Jarrod Fairclough – I’ve rewritten this article three times in 36 hours. I started almost immediately after posting about Caroll Spinney’s passing, but I had to stop. I had to think. How am I supposed to essentially eulogize a man I never got to meet? It’s an impossible task, one I don’t relish having to do. But it’s one I’m committed to – after everything Caroll did for the world, I could take some time to find something to say.
Then I remembered something. Way back in 2014, Copper Pot Pictures released I Am Big Bird, the documentary on Caroll’s life. Through my fandom, I had become friendly with the directors of the film. My contribution to their Kickstarter had meant that I was entitled to join a group Skype chat, but circumstances out of my control prevented me from taking part. I was devastated – I wanted to thank Caroll for everything. The team at Copper Pot were disappointed I didn’t get my time with Caroll, and when they told him I was unable to take part, he told them to sort out a time where we could Skype, one on one.
But, his schedule prevented that from happening, which truthfully never bothered me. The mere fact that Caroll had even suggested finding a way to have a conversation meant the world to me. He could have easily shrugged and told them that it was too bad. But no – he wanted to make it work. The team at Copper Pot later reached out, telling me they were planning on attending a screening of I Am Big Bird at the Melbourne International Film Festival, and they’d be bringing Caroll with them. When Caroll heard about this, he told them to make sure I got the chance to meet with him, maybe even have dinner with the team. But, alas, they decided not to come out to Australia after all. Again, while disappointed, it didn’t bother me. He had suggested it, and it meant the world to me.
So how do I eulogize a man I never had the chance to meet? I do it by remembering the times we almost did. I do it by remembering that Caroll Spinney, the man who has brought me endless hours of joy and education and entertainment, still tried to make even more time for me, when he definitely did not have to.
He made time for everyone. Even through his dystonia, Caroll was still travelling the country when he could, meeting fans at conventions. While his body betrayed him, he was still determined to make an effort to meet with everyone he had touched over the last five decades. It’s the epitome of a legend, someone who, despite everything against him, pushed on and made the time to be an ambassador for something he believed in. He was absolutely entitled to have a peaceful retirement, to live out his time with his loving wife Debi and their brood of children and grandchildren. But no, Caroll Spinney continued to give, give, give. And the world could not be more grateful for it.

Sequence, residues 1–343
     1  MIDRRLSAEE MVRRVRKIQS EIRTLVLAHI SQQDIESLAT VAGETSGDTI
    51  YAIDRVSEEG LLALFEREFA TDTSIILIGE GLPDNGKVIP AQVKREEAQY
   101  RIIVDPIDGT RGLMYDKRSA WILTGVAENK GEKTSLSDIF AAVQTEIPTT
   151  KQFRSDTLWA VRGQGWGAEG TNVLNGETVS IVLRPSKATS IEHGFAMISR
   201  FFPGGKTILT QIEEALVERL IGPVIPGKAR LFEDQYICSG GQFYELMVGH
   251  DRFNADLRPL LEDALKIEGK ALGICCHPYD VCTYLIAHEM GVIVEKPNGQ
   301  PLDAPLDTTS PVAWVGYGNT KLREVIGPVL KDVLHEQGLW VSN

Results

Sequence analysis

Celebrity deaths rarely affect me. Yes, these people are famous figures in our lives, but we put them on pedestals, and they seem less than human to us. Caroll’s though – it hit me hard. He wasn’t just Big Bird. He wasn’t just Oscar the Grouch. He wasn’t just Bennett Snerf. He was a person we grew to know. He was a person we grew to love. Caroll Spinney was my best friend, he just didn’t know it.
Eventually, thanks to Matt Vogel, I got a chance to thank Caroll via video message on Below The Frame. In writing this piece, I went and rewatched that part of the episode, and as I speak, a small smile flashes on Caroll’s face. I had never noticed that before today.
I did it. I made Caroll Spinney smile. And it means everything to me.
Something surprised me yesterday, after the news broke of Caroll’s passing. It was the sheer amount of love and grief which came from the world. Huge names were tweeting about him, including many who hadn’t met him. There were tributes by Michelle Obama, Hilary Clinton, Ryan Reynolds, Bo Burnham. And they were sincere and heartfelt. But then I thought, why is this surprising to me? I think it’s because it’s easy to forget just how many people Caroll touched. Sure, we tend to think we appreciate Sesame Street a little more than your average folk, but that doesn’t mean the average folk don’t appreciate it. Ryan Reynolds likely grew up singing ‘I Love Trash’ to himself. Michelle Obama likely knows what the alphabet sounds like when pronounced as one word, thanks to Big Bird. There’s every chance that your next door neighbour had a Big Bird plush on her bed as a child. For five decades, Caroll managed to touch the lives of hundreds of millions of kids and adults alike around the world.
So sure, as Muppet fanatics we tend to think that Caroll belonged to us. But Caroll wasn’t ours.
Caroll Spinney belonged to everybody.
Thank you, Caroll.
We love you.